The two major challenges for banks regarding workforce will be in first, identifying the right skills and experiences required for the company to stay competitive, and also in attracting and retaining the right talent.
Identifying the right talent
Reportedly, 62 per cent of senior leaders in the banking industry feel that the digital talent gap has been widening in recent years. The war for talent is further affected as both Hong Kong and Singapore experienced record-low unemployment rates earlier in the year.
Due to the shortage in talent, companies will have to be smart in their approach. Traditionally, recruitment and talent acquisition has been about finding the perfect fit for the needs of the business, this meant companies needed to have a clear picture of the type of expertise they needed. However, at a time of change and uncertainty, the key to success may lie more in finding talent that can quickly adjust and adapt to the needs of the business and accurately anticipate the needs of the consumer.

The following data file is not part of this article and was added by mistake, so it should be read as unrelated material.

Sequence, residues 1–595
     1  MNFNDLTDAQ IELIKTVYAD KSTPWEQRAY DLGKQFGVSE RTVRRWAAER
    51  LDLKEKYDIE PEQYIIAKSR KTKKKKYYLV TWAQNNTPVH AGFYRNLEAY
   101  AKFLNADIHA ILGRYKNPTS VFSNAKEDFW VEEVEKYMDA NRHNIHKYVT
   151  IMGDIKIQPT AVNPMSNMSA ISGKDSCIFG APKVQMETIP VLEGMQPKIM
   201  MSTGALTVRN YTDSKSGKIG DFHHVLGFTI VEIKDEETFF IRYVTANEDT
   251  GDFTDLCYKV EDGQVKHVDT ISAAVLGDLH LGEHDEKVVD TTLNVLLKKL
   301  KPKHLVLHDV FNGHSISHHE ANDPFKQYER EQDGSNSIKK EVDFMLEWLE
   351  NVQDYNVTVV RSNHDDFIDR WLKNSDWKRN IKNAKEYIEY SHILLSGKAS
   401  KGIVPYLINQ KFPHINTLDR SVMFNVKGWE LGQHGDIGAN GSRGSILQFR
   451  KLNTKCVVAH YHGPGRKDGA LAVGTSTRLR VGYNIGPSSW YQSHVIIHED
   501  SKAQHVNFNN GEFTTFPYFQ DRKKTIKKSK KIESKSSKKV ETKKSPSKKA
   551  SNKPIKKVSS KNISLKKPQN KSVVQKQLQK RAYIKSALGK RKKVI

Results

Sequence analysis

Attracting, retaining, reskilling
As mentioned earlier, banks will have to be prepared to compete with tech giants and startups for the top talent. Not all is lost however, as both parties have something unique to offer. Moving forward, companies will be pressed for a better understanding of their brand in order to make an appeal to the top talent out there. Reality is, both parties have their advantages in attracting gifted professionals. While tech companies and startups may be able to provide greater upside or skin in the game, banks on the other hand can win over potential candidates with their stability and global appeal as well as their holistic benefits package.